It’s the most Australian photo ever — a couple of beach bums sunning themselves in Sydney as a shark circles just metres away in a rockpool for swimmers.
The shark in question, a juvenile great white, first washed up on the popular Manly Beach about midday, and you could have forgiven people for keeping their distance.
Dan Korocz was among the stunned onlookers who saw the predator thrashing in the shallows.
“When you see a real-life shark, it’s scary,” he said.
“We were down on the beach for lunch with my family.
“I’ve got a four-year-old and a two-year-old and we went down to the waters’ edge and then it came in.”
Mr Korocz said the shark kept beaching itself on the sand, and that’s where staff from the Manly Sea Life Sanctuary stepped in.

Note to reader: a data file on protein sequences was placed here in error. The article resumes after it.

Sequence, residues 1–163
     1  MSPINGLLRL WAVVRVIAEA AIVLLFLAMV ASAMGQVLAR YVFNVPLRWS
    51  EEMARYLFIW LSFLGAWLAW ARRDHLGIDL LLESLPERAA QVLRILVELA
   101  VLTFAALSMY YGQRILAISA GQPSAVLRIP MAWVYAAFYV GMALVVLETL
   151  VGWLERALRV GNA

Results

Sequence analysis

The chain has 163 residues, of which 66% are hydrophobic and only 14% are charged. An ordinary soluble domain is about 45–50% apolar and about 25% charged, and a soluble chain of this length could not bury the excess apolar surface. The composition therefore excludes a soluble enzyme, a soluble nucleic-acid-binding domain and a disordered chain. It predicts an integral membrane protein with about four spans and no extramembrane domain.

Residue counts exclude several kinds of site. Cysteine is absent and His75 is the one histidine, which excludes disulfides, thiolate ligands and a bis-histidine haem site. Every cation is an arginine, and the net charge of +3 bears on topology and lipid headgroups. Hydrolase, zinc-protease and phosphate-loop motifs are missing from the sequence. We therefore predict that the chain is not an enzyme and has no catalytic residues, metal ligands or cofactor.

The trained professionals used a sling to move the animal to the nearby Fairy Bower Pool and then later transported the shark to the sanctuary.
And the method of transport used could not have been more Australian.
“We … put it in a tub on the back of a ute,” said life sciences manager Rob Townsend.
The shark will remain at the aquarium overnight in an isolated tank but divers will keep it company.
“White sharks in general don’t do well in captivity for long periods of time so we have to have divers in there to make sure he doesn’t bounce off the walls,” Mr Townsend said.
“We have a roster of divers so there will always be someone in the water with it.”
Mr Townsend said as long as the shark’s condition does not deteriorate they hope to undertake a release back into the wild today.
The injuries on the shark are superficial, he said, and cognitive function appears normal.
“We hope to get to the bottom of why he washed up in the first place.”